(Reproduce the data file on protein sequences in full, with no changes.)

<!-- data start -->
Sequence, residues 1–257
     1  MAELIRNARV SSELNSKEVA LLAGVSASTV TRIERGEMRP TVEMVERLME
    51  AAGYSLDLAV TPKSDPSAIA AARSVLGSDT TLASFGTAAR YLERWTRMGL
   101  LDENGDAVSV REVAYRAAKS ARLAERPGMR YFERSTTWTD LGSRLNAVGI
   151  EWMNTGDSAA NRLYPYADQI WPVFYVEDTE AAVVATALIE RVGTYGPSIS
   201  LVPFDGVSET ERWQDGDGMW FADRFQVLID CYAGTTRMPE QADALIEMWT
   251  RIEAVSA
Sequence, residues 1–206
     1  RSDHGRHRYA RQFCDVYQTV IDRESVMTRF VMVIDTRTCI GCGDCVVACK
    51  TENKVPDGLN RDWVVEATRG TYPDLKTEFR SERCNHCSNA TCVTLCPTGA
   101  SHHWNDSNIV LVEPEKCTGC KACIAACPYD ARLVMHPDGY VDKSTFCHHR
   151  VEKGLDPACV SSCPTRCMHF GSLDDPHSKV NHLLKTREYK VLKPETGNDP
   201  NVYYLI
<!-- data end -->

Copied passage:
Sequence, residues 1–257
     1  MAELIRNARV SSELNSKEVA LLAGVSASTV TRIERGEMRP TVEMVERLME
    51  AAGYSLDLAV TPKSDPSAIA AARSVLGSDT TLASFGTAAR YLERWTRMGL
   101  LDENGDAVSV REVAYRAAKS ARLAERPGMR YFERSTTWTD LGSRLNAVGI
   151  EWMNTGDSAA NRLYPYADQI WPVFYVEDTE AAVVATALIE RVGTYGPSIS
   201  LVPFDGVSET ERWQDGDGMW FADRFQVLID CYAGTTRMPE QADALIEMWT
   251  RIEAVSA
Sequence, residues 1–206
     1  RSDHGRHRYA RQFCDVYQTV IDRESVMTRF VMVIDTRTCI GCGDCVVACK
    51  TENKVPDGLN RDWVVEATRG TYPDLKTEFR SERCNHCSNA TCVTLCPTGA
   101  SHHWNDSNIV LVEPEKCTGC KACIAACPYD ARLVMHPDGY VDKSTFCHHR
   151  VEKGLDPACV SSCPTRCMHF GSLDDPHSKV NHLLKTREYK VLKPETGNDP
   201  NVYYLI